The problem of the relations between persons of different races, particularly between white and Black persons, is here exposed. To stand before God and pray, "take from us all hatred and prejudice," and then as a praying church to discriminate among persons on any such sinful basis is a contradiction of this prayer.
Finally we pray:
All these things. . grant us, 0 Father, for his sake who died and rose again, and now liveth and reigneth with thee in the unity of the Holy Ghost, one God, world without end.
In prayer God's peculiar people acknowledge that they are freed for a strange new life before God and among their neighbors. The Prayer of the Church illumines the way of the church. Some things are no longer ours to decide. The decision has been made-and forever. In a time of travail and opportunity, perplexity and hope in race relations, the church needs to pray-and to act in accord with its prayer- "for his sake who died and rose again" and who reigns "world without end."
The substance of the church's action in all matters of racial discrimination is determined for it and stands as a permanent testimony each time the church prays or confesses its faith or proclaims its message. The forms of the church's action on the specific ecclesiastical, political, economic, and social expressions of racial discrimination are subject to human judgment and must be directed to specific times, places and circumstances. In obedience to the Lord of the church and in repentant acknowledgment that urgent occasions require fresh resolutions, the 1964 Biennial Convention of the Lutheran Church in America issues a renewed call to action to include the following elements:
1. No congregation, synod, agency, or institution of the church in its communion and varied ministries should discriminate against any persons on the grounds of race.
2. The publications of the church should present an objective picture of racial diversity and emphasize the Christian's responsibility in the struggle for racial justice. Editors should be realistic in their use of pictures and descriptive materials for such publications so as to reflect the inclusive character of the church.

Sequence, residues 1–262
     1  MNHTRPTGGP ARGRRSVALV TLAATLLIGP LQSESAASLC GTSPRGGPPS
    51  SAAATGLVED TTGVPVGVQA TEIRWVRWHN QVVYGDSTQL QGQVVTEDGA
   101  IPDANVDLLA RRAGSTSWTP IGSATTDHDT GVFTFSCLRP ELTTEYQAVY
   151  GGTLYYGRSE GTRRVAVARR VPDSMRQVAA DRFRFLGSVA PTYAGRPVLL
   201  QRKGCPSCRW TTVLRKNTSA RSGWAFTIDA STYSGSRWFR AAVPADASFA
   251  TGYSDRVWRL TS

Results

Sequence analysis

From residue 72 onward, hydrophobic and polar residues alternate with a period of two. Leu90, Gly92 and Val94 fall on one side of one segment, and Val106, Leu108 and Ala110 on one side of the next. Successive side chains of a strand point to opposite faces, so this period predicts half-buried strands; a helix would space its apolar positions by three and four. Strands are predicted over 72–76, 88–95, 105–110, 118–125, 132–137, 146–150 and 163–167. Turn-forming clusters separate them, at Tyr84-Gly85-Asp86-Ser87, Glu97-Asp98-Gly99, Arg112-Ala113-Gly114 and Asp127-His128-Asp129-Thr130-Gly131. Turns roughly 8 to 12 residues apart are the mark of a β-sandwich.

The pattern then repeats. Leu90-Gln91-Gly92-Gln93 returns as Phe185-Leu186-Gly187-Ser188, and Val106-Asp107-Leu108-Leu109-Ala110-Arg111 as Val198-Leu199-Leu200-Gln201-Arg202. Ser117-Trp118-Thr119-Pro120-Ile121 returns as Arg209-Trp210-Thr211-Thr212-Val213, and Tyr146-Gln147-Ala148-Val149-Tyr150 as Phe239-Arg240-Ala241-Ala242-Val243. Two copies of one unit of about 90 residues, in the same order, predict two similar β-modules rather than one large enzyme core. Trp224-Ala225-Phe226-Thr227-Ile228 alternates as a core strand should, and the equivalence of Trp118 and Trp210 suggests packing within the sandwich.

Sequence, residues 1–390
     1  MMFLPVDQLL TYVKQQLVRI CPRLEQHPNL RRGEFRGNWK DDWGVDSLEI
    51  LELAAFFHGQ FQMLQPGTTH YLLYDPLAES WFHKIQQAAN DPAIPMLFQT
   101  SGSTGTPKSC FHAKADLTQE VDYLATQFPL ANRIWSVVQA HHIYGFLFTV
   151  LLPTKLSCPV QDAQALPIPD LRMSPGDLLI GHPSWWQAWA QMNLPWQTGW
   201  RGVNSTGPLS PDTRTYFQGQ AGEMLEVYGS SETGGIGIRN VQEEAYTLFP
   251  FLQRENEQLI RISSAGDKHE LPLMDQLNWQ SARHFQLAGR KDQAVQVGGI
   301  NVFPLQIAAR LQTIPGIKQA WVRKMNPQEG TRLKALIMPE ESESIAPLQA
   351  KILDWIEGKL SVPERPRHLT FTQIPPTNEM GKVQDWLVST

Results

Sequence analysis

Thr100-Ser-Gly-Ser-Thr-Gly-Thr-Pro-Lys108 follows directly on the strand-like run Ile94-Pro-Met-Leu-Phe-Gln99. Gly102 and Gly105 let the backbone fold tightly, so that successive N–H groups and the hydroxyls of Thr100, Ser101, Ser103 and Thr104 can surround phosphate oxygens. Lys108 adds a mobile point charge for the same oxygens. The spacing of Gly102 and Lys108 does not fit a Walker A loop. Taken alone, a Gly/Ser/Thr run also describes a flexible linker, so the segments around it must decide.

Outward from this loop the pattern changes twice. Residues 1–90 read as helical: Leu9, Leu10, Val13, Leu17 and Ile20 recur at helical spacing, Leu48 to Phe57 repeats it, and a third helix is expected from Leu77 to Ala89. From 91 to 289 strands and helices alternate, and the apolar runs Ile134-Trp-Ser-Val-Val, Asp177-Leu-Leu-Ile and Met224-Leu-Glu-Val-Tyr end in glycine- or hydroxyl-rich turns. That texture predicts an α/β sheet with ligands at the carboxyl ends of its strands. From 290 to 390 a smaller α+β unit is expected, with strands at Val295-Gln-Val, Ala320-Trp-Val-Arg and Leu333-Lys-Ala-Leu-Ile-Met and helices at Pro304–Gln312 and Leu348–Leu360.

3. The church, together with its congregations, synods, agencies and institutions, should support its concern for racial justice in all its business involvements and should give critical scrutiny to its own employment practices. In the calling of pastors and the employing of staff the congregations of this church should not make the race of the candidate a qualification for consideration.
4. The church, its congregations, synods, agencies and institutions should initiate programs and support occasions in which Christians acknowledge the imperative of worship, fellowship, and mission without regard to race.
5. The church, its congregations, synods, agencies and institutions should initiate and participate in efforts to bring about understanding at points of racial tension.
6. The church, its congregations, synods, agencies, institutions and individual members should support the enactment and enforcement of federal, state or provincial, and local legislation which seeks to guarantee to all persons equally, without racial discrimination